Researchers have known for a while that closeness to parents is linked to less risky sexual behavior by teenagers.Now, they're turning their microscopes on the dating rules parents set, with some surprising results: The limits you place on your teenager's dating may say more about your own love life than your teen's needs.Also, parents' satisfaction with their own life roles shapes the kind of rules they set.
While the reason isn't clear, the author suggests these parents may hold more conservative beliefs in general; many of the rules involved sexuality.
Ironically, in what other researchers have called the "Romeo and Juliet" effect, such rules may tend to drive teenage lovers closer; teens of these parents reported closer, more positive relationships.
Parents who are unhappy, dissatisfied or insecure in love, however, go beyond limits and try to dictate or control how their teens treat their dates, the study found.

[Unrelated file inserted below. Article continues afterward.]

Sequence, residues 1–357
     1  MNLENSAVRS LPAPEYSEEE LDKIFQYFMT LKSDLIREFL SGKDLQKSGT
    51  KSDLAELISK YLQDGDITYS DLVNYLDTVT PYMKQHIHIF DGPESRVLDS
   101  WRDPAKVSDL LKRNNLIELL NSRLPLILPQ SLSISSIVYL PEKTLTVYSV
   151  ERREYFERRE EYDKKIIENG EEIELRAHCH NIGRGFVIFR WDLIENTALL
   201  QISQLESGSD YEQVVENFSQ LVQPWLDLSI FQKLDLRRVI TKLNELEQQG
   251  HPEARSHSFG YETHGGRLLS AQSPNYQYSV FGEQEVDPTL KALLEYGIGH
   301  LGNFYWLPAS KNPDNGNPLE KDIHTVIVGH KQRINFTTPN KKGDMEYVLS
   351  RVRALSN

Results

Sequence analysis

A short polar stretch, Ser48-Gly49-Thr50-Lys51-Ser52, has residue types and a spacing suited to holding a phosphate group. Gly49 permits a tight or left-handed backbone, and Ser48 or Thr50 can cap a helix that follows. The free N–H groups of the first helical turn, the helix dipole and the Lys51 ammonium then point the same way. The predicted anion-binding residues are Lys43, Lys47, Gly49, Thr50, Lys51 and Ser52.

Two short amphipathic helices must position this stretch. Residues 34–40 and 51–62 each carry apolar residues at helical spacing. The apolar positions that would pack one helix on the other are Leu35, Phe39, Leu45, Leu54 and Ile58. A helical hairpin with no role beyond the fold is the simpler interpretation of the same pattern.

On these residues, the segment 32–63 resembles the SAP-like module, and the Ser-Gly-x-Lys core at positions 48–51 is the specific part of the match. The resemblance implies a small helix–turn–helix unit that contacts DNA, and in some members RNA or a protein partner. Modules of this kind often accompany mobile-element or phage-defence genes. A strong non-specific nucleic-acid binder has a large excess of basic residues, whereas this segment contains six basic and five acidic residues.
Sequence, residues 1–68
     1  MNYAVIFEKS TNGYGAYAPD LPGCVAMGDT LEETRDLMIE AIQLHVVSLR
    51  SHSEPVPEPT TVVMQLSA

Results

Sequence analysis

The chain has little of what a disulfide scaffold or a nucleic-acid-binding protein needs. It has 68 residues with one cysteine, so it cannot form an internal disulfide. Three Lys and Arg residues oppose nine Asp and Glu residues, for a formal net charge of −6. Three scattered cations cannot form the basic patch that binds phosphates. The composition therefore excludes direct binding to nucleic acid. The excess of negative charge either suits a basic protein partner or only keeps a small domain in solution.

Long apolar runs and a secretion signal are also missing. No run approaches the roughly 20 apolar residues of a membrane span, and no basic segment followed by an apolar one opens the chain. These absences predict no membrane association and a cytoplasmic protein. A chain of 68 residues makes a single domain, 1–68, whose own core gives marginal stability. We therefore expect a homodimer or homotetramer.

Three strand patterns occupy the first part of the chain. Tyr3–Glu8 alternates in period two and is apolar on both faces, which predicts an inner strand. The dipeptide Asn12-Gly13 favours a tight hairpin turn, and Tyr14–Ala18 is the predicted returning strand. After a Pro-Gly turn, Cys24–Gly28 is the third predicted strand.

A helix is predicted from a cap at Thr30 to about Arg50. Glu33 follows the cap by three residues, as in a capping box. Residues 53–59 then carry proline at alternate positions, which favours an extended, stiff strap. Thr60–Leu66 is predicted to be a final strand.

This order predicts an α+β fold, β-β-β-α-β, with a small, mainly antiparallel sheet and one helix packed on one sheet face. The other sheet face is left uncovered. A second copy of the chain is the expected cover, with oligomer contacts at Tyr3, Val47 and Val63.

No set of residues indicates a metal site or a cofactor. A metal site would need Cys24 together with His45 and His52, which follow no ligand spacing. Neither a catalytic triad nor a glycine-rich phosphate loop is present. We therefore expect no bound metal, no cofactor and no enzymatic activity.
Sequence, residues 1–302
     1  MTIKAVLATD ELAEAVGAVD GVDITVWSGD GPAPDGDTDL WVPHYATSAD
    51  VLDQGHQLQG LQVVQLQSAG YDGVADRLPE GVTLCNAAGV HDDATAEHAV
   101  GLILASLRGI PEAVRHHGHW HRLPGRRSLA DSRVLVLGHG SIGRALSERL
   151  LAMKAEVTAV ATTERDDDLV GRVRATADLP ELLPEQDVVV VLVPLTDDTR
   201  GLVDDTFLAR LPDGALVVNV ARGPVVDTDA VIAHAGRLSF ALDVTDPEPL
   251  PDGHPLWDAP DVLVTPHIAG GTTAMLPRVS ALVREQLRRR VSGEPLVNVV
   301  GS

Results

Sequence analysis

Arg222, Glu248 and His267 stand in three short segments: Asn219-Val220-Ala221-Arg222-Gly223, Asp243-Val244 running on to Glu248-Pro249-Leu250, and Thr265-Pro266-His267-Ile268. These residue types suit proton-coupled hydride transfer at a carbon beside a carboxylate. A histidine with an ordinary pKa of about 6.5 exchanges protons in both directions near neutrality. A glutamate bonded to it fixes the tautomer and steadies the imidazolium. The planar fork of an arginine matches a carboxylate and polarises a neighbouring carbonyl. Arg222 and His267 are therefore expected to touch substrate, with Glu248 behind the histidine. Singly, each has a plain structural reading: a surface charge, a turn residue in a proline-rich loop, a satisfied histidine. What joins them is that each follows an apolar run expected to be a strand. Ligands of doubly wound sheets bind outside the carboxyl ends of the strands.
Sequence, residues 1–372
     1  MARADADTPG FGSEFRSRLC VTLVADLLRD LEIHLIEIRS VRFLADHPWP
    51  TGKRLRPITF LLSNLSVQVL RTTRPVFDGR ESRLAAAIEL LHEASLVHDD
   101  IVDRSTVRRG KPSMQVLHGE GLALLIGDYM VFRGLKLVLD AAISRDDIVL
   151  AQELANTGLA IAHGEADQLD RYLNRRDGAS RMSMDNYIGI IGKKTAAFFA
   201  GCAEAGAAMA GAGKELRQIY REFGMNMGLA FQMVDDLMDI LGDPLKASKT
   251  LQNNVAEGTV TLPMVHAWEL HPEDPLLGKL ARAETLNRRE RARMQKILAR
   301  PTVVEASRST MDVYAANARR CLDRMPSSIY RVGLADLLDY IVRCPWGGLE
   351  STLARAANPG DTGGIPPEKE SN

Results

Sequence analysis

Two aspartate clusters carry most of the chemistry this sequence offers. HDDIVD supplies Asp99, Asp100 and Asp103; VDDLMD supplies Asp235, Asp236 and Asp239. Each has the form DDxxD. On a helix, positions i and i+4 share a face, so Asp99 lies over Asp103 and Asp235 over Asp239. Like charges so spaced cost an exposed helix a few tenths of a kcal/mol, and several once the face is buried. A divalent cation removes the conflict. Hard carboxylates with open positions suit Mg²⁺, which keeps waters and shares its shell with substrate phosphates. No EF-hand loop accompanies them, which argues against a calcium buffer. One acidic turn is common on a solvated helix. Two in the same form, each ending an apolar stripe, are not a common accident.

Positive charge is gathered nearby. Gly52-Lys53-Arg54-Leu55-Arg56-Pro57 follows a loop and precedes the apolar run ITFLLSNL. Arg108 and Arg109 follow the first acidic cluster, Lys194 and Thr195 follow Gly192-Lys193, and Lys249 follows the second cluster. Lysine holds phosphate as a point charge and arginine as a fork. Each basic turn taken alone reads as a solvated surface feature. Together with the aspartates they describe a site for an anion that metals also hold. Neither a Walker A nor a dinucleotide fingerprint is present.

These parents try to influence their kids to value certain things and act in specific ways.
Madsen says, is to emphasize constant, warm oversight over just setting rules.
She calls this setting "supervisory" rules, or keeping up a free flow of communication without intruding too much.
This means asking teens to disclose plans, check in by phone and inform parents when plans change.
Parents would tell teens to open doors for dates, "act like a gentleman" (or a lady), or resist letting a date "walk all over" them.
The goal may be to launch their teens on a romantic path happier than their own, Dr. But kids often regard this advice as intrusive, and again, it tended to have the opposite effect.